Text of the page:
...One of the most highly acclaimed artists in Africa's History and foremost contemporary artists in the world.
EL ANATSUI is a Ghanaian sculptor who has spent much of his achievement packed career living and working in Nigeria. El Anatsui currently runs a very robust studio in Nsukka, Enugu, Nigeria, where some of the most beautiful and touching works of art in the world today are created.
He is one of the most highly acclaimed artists in African History and foremost contemporary artists in the world.
El Anatsui uses resources typically discarded such as liquor bottle caps and cassava graters to create sculpture that defies categorisation.
His use of these materials reflects his interest in reuse, transformation, and an intrinsic desire to connect to his continent while transcending the limitations of place. His work can interrogate the history of colonialism and draw connections between consumption, waste, and the environment, but at the core is his unique formal language that distinguishes his practice.
Anatsui is well-known for large scale sculptures composed of thousands of folded and crumpled pieces of aluminium bottle caps sourced from local alcohol recycling stations and bound together with copper wire. These intricate works, which can grow to be massive in scale, are luminous and weighty, meticulously fabricated yet malleable. He leaves the installations open and encourages the works to take new forms every time they are installed.
El Anatsui’s works can be found amongst some of the most prestigious art collections in the world...
El Anatsui was born in 1944 in Anyako, Ghana, a citizen of the Ewe Nation and son of a master weaver of Kente cloth. He acquired art training at the College of Art, University of Science and Technology in Kumasi, one of the highest ranking universities in Ghana. In 1975, when he had graduated from the university, El began teaching at the University of Nigeria, Nsukka, as a Professor of Sculpture. He has taught at UNN for over four decades.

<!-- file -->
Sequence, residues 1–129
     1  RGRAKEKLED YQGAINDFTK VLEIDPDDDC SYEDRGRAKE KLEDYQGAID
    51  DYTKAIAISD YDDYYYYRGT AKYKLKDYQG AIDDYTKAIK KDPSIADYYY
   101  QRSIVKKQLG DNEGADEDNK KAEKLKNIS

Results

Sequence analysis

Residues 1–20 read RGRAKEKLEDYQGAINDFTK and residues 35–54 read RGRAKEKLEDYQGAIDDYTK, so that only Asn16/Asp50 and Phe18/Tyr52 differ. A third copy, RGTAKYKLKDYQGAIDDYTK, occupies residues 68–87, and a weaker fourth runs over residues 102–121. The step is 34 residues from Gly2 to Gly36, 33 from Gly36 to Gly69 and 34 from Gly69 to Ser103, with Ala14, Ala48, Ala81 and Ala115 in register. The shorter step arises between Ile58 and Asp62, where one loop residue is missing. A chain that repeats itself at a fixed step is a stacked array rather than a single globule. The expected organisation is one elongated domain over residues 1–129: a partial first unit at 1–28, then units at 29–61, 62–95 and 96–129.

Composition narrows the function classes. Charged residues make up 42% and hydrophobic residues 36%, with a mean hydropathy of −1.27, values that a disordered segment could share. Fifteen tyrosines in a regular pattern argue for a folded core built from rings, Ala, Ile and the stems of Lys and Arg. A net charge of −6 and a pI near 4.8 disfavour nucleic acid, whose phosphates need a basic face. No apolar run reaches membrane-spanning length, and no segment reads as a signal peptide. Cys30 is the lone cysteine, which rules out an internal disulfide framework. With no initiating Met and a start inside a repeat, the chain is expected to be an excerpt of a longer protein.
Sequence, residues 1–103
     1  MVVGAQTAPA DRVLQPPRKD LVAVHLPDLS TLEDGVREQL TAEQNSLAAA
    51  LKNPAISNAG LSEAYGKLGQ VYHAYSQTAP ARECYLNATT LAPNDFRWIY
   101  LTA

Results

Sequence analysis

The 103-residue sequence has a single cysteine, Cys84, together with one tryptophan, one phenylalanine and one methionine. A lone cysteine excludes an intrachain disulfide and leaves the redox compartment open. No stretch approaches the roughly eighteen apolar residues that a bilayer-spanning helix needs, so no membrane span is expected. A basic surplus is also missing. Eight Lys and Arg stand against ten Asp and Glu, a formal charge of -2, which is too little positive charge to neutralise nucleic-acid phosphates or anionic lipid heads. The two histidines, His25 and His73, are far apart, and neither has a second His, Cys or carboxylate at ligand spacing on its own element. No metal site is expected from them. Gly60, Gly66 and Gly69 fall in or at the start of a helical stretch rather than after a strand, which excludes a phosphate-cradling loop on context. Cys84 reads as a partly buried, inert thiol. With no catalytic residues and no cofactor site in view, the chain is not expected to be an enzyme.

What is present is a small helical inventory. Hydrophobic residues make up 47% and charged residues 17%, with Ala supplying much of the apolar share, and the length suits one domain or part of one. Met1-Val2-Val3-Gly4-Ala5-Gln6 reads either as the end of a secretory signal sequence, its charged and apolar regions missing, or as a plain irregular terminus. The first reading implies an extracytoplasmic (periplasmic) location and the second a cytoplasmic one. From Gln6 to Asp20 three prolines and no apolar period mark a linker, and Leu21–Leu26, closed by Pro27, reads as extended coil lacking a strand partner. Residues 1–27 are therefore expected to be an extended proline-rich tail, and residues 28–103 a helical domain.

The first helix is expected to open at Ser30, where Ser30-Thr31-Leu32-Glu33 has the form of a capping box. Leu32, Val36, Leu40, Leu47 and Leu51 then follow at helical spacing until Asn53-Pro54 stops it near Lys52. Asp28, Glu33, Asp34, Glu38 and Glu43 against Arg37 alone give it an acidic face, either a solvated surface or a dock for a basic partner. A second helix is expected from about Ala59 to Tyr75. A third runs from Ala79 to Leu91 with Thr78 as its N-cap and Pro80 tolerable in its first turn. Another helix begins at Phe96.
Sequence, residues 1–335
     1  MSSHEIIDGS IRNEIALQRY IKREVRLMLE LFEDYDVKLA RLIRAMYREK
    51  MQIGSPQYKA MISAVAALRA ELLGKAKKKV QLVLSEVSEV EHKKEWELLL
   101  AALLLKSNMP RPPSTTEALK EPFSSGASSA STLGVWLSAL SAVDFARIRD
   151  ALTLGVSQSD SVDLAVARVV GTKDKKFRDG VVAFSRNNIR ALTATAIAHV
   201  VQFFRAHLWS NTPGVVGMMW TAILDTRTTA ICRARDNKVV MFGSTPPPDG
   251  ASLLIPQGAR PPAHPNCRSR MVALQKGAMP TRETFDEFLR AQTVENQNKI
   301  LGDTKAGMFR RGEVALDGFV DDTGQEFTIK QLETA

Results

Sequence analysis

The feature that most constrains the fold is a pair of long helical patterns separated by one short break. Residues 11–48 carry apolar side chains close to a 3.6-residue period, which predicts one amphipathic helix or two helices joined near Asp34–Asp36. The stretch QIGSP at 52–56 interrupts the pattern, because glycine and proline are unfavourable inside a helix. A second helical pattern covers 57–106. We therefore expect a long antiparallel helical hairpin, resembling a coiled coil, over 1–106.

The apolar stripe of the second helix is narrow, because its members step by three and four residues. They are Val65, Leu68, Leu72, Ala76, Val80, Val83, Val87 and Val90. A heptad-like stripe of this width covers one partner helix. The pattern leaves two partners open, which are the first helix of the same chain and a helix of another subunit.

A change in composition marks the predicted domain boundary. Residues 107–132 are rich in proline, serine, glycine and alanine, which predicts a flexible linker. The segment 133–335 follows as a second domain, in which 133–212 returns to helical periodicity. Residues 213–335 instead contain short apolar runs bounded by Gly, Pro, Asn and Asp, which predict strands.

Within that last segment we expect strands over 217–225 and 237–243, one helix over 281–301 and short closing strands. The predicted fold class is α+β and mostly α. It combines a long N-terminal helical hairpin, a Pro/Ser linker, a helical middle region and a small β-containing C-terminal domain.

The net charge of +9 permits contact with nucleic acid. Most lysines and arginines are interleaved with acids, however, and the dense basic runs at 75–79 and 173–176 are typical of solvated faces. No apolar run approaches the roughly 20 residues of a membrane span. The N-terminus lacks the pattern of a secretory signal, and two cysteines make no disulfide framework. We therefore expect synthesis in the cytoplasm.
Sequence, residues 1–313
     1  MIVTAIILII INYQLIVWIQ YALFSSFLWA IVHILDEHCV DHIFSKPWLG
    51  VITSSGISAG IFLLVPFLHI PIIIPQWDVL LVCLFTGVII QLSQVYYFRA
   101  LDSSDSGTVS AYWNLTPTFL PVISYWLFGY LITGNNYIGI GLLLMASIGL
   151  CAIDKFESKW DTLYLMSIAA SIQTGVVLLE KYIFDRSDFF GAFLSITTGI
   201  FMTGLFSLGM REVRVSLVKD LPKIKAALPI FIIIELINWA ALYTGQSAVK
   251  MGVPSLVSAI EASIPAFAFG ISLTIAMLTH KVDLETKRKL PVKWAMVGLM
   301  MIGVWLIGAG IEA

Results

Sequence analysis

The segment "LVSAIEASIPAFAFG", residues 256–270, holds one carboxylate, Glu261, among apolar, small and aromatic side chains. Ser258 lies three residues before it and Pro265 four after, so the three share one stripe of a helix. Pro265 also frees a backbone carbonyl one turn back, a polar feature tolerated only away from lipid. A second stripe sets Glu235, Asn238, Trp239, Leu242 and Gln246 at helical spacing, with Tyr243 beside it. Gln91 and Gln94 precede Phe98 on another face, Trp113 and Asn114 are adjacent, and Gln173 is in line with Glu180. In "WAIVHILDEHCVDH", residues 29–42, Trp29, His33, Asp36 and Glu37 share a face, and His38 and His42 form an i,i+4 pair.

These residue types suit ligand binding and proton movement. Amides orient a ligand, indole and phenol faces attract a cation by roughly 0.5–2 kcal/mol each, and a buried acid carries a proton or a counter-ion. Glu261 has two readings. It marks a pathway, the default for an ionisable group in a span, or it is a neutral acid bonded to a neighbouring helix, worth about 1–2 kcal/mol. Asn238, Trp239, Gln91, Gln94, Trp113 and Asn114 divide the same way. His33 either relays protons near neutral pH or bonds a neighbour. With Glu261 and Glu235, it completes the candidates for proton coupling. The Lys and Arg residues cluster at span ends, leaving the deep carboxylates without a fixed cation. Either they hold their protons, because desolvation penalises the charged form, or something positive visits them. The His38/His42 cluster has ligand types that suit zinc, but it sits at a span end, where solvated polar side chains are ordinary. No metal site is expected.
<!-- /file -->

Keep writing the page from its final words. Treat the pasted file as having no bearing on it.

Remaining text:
As a member of the faculty at the University of Nigeria, Nsukka, El Anatsui began to incorporate Uli and Nsibidi of southeastern Nigeria into his work alongside his indigenous Adinkra symbols and other Ghanaian motifs and ideographic and logographic symbolism. He soon after became affiliated with Nsukka Group, a group with a shared vision to revive the practice of Uli and incorporate its designs into contemporary art.
El Anatsui’s works can be found amongst some of the most prestigious art collections in the world including permanent collections of The Metropolitan Museum of Art, NY; The Museum of Modern Art, NY; National Museum of African Art, Smithsonian Institution, Washington DC; The British Museum; the Vatican Museum and many more.
Kindred Viewpoints, 2016
Cire Perdue, Installation at Domaine de Chaumont-sur-Loire, 2019, Photo courtesy, Domaine de Chaumont-sur-Loire, Photo by Eric Sander